I read with great interest the article by Uji and Yoshimura on new and original observations of microarchitecture of the vitreous body. The authors wrote: “these findings are consistent with the theory proposed by Zinn in 1780, which states that the vitreous is arranged in a concentric, lamellar configuration, similar to that observed in a cut onion.” This statement has been made previously. Johann Gottfried Zinn (1727–1759) published his treatise “Descriptio anatomica oculi humani,” considered to be the first complete description of the eye’s anatomy, in 1755, with a second edition in 1780.
Other sources credit Samuel Moritz Pappenheim (1811–1882) with priority for this observation. According to William Bowman, “Pappenheim appears to have been the first to call attention to the fact that evidence may be obtained of an internal artificial arrangement of parts. He announced that the vitreous body, treated with a solution of carbonate of potass, exhibited a succession of concentric layers, something like those of an onion.” Moreover, Duke-Elder wrote that Zinn “considered that the vitreous was a tissue in the true sense, made up of a cellular framework,” but “Pappenheim (1842) with potassium carbonate detected an onion structure.”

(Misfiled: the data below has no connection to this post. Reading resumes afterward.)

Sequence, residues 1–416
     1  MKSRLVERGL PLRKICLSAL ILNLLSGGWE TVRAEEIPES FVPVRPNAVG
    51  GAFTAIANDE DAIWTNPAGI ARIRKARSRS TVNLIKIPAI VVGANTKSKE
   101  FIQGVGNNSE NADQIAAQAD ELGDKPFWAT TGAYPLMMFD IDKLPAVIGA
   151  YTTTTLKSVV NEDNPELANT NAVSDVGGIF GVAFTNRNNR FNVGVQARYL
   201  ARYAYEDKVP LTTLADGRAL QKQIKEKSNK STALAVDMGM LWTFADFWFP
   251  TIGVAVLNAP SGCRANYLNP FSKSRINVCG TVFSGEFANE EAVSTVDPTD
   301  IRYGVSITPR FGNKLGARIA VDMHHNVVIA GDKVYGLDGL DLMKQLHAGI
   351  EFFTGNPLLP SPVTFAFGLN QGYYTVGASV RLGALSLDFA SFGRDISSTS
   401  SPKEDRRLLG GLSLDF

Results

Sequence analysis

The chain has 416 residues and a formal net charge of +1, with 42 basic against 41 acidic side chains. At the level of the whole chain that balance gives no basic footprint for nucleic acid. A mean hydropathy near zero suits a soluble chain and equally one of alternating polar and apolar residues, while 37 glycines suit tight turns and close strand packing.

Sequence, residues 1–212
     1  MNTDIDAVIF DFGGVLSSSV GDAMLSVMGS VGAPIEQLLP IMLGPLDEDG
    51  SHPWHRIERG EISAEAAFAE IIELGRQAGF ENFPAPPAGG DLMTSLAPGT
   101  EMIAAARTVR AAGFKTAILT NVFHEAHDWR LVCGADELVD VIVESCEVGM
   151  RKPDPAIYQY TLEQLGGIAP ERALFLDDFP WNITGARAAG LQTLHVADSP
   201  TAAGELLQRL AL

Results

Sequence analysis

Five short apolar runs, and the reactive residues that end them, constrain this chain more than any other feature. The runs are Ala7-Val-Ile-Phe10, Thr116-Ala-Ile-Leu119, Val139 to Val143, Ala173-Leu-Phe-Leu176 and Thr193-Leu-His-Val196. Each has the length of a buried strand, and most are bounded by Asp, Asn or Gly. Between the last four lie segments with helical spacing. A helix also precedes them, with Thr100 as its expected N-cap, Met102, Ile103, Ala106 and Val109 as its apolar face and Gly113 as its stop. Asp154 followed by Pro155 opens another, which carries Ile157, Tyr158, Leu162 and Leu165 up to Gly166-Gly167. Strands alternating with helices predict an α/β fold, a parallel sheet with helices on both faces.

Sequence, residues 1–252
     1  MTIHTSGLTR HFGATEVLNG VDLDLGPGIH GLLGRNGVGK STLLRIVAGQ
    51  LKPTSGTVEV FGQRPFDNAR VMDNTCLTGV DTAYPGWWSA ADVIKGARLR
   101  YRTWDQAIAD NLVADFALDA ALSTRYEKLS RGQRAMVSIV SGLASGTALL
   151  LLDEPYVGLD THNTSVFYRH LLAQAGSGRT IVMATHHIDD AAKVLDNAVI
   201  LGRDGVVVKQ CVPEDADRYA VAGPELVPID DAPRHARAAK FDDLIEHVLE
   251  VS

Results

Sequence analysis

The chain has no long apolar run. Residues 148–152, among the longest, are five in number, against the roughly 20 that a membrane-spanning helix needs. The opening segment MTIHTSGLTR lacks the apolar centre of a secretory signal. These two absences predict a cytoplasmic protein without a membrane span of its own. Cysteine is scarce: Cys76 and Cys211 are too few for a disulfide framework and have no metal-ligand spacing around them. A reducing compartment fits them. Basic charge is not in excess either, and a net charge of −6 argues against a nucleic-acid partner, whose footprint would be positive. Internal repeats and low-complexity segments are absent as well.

In Zinn’s treatise, I was not able to find comparison of the vitreous structure to that of an onion. Thus, the true nature of Zinn’s original descriptions should be elucidated in future historical analysis.